Even though “The Lottery” has always been one of the most anthologized American short stories, Shirley Jackson’s literary reputation has appreciated greatly in recent years. She had her first Library of America edition in 2010 and a second will pub in a few months. There was a happier side to her persona that wrote cheerful motherhood memoirs, but what fun is that? Instead, it is the dark side of Jackson—the one that suffered from depression and was fascinated with the macabre—that is the focus of Josephine Decker’s Shirley, which opens virtually/on VOD this Friday.
Jackson’s husband, literature professor and jazz critic Stanley Hyman truly believes in her talent, but in most other respects, he is a deeply problematic husband. Granted, she is rather difficult to live with herself at this time, because her writer’s block is apparently manifesting itself as depression and perhaps even agoraphobia.
Supposedly for Jackson’s sake, Hyman invites Fred and Rose, a grad student and his quite pregnant wife to stay in their North Bennington home. The way he pitches it, Rose will help with the cooking and house chores, while he will help Fred with his thesis. Of course, he has no intention of holding up his end of the bargain. Yet, despite her initial hostility, Jackson reacts well to Rose’s company. In fact, she even helps research Jackson’s next novel, Hangsaman, whose inspiration, Paula Jean Welden, a Bennington coed who mysteriously disappeared, deeply resonates with the younger woman.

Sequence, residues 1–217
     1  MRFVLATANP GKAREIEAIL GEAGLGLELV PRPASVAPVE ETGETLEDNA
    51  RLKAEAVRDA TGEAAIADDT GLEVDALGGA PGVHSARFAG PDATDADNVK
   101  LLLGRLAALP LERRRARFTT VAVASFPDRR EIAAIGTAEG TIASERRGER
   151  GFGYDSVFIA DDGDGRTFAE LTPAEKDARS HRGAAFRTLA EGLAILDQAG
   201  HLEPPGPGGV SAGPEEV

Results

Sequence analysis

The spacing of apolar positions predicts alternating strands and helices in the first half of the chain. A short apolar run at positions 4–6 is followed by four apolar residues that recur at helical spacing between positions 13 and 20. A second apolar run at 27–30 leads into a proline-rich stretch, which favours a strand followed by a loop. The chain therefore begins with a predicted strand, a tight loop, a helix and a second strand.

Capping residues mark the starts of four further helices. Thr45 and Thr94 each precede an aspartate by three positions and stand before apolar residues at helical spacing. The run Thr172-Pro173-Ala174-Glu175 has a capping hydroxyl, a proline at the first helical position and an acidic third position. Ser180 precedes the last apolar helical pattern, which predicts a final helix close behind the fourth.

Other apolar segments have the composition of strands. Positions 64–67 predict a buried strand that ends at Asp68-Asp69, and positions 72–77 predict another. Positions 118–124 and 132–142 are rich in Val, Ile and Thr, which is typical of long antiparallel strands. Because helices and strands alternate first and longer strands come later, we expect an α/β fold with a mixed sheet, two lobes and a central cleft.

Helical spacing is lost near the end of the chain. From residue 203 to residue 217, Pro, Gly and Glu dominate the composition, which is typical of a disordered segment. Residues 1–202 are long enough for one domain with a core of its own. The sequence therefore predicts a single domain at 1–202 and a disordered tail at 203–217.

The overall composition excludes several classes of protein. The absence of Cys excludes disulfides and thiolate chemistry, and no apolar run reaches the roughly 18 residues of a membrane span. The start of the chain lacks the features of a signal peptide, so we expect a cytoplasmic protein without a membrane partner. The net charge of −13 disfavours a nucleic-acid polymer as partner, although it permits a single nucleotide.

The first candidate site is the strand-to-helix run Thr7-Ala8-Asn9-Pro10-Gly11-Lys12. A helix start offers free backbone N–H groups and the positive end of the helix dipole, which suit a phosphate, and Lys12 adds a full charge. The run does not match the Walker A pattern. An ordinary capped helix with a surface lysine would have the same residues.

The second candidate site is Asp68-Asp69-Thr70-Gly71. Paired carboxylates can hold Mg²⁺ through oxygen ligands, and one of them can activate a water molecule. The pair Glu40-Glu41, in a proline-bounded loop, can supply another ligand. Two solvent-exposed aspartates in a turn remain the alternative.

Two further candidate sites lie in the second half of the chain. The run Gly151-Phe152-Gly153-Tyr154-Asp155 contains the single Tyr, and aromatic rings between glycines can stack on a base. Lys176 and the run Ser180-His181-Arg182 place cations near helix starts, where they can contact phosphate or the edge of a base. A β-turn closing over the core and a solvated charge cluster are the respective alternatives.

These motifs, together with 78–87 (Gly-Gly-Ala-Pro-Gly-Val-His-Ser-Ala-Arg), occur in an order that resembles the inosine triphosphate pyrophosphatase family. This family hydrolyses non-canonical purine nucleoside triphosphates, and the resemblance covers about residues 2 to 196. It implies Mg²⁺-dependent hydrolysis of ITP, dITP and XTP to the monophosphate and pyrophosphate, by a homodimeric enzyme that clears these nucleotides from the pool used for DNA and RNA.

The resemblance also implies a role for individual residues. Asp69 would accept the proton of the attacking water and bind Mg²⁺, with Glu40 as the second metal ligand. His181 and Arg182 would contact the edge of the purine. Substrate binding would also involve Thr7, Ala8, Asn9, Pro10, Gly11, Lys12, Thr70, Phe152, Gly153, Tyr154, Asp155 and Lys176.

Based on Susan Scarf Merrill’s novel, Shirley is not exactly a thriller and it certainly is not horror, but it has conspicuously dark psychological elements that will still interest genre fans, along with the portrayal of Jackson herself. Elisabeth Moss plays her to the hilt and them some, veering from the shrewdly observant game-player (with possible supernatural powers) to the Bronte-esque mad-woman-in-the-attic. She is gleefully over the top, which is great fun to watch. Likewise, Michael Stuhlbarg is absolutely insufferable, in a loud, boisterous, partially self-aware kind of way, as Hyman (in this film, he really gives jazz and blues critics a bad name).
Admittedly, Odessa Young and Logan Lerman are supposed to be young, bland, and dumb playing Rose and Fred, but gee whiz, are they ever. It is like watching an all-star team constantly scoring against a rag-tag group of bench-warmers. After a while, it’s just not fair.
This is definitely Decker’s most grounded film to date, but she still leaves ample room for interpretation. Regardless, the structure of Sarah Gubbins adapted screenplay clearly provides some helpful discipline, so do not be put off by Decker’s name if films like Butter on the Latch did not thrill you to your core.
For better or worse, Shirley whole-heartedly confirms the stereotype of all great writers being angst-ridden neurotics. This is a fascinatingly crafted but unbalanced composition, perhaps reflecting the perception of its subject. It intrigues more than it satisfies. Primarily recommended for fans of Jackson and Moss, Shirley releases virtually, on VOD, and at select drive-ins (but it is hard to envision it playing such venues) this Friday (6/5).